ERIC Identifier: ED282348
Publication Date: 1986-00-00
Author: Nelson, Erik
Source: ERIC Clearinghouse on
Educational Management Eugene OR.
Home Schooling. ERIC Digest, Number Fifteen.
Increasing numbers of parents are choosing to educate their children at home
for reasons of security, morality, and educational quality. Public school
officials are concerned about the lack of accreditation of home schools and the
loss to their districts of enrollment-based state aid. Nevertheless, legal
authorities generally advise school officials to cooperate with home-schooling
HOW PREVALENT IS HOME SCHOOLING?
Although estimates vary, most experts generally agree that home schooling is
on the rise. The late John Holt, of the Boston-based home instruction support
organization Holt Associates, estimated that l0,000 to 20,000 families in the
United States are teaching their children at home. Raymond Moore, president of
the Hewitt Research Center, estimated a quarter to a half million students
attend home schools.
Parents' reasons for educating children at home appear quite clear: safety,
security, morality, and educational quality. Feeling that today's public schools
place undue pressures on students because of drug abuse, crime, and a general
lack of discipline and control, some parents embrace the immediate positive
aspects of home schooling.
Many educators, however, fear that a marked increase in home schooling will
add to the economic plight of school districts nationwide. But it seems highly
unlikely, even if present rates of growth continue for a generation, that more
than 2 or 3 percent of the families in the United States will choose to teach
their own children. In comparison, private schools now enroll about 12 percent
of the nation's children.
A factor often overlooked is that families who opt for home schooling tend to
weave back and forth between home schooling and regular schooling every few
years. It is not a permanent choice. These families each year seem to be trying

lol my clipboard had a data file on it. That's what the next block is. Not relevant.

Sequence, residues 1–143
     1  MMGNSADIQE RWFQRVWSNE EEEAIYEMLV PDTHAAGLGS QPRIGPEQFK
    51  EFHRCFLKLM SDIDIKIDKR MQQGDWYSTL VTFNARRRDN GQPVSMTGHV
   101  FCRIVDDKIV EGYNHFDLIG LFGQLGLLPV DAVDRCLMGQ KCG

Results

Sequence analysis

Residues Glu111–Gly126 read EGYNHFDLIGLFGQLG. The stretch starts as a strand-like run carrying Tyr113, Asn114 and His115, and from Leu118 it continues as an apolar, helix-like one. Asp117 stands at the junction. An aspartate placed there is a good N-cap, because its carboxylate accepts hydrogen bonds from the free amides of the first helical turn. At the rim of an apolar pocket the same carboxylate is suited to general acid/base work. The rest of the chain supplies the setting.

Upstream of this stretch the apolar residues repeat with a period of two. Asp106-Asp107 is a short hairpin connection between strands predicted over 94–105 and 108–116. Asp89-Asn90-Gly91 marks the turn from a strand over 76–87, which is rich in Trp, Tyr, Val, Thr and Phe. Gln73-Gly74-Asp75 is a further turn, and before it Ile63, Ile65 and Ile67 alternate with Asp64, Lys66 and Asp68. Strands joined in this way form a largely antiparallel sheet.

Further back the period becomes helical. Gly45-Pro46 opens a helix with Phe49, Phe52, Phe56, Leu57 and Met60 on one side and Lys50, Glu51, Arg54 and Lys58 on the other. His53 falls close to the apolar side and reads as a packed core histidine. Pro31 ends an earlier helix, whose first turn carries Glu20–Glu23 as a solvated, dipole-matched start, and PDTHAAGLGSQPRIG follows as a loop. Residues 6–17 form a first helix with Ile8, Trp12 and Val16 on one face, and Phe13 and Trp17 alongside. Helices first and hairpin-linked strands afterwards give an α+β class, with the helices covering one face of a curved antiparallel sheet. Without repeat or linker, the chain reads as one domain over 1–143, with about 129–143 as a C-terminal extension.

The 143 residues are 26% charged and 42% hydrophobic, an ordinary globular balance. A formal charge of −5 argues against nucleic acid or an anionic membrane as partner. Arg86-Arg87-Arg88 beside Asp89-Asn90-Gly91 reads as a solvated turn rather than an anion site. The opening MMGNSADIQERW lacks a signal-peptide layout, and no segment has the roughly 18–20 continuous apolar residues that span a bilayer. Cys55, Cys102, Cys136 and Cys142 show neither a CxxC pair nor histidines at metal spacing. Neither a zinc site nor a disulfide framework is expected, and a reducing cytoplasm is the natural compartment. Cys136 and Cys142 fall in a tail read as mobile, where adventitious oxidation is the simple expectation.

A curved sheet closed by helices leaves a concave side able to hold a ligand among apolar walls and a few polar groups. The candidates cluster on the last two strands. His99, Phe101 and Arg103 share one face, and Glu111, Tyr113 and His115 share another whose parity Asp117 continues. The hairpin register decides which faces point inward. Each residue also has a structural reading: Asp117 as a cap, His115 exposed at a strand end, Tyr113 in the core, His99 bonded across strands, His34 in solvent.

to find the best possible education for their children.
WHY IS HOME SCHOOLING CONTROVERSIAL?
Accreditation and money are the major concerns linked to the home schooling
issue. Some superintendents are genuinely concerned that students in
unaccredited programs may not acquire the essential skills for good citizenship
and further learning.
Many state officials recognize that the trend toward home schooling will
siphon off students and thus enrollment-based state aid from public schools.
Because of this threat of diminished state aid, some superintendents engage
parents in lawsuits in an attempt to stop the flow of students from their school
John Holt has listed three assumptions made by public school administrators
that may be at the heart of home school growth:
--Children are not much interested in learning
--Children are not very good at learning
--Children are unlikely to learn anything of substance unless it taught to
them by adults
Home school advocates think these points are false and base their approach to
education on that fact.
IS HOME SCHOOLING EDUCATIONALLY SOUND?
Detractors of home schooling point to several potential problems:
--Lack of opportunity for socialization
--Parent's inability to cover all intellectual areas
--Absence of sufficient equipment, particularly in science
--Inattention to the basic skills
Proponents, on the other hand, claim that many children in home schools have
experienced dramatic improvement in reading and other basic skills. When
children in home schools are instructed only to read what they like, and given
great amounts of uninterrupted time devoid of checking and testing, their
reading skills rise significantly (Holt 1983). Proponents point out that many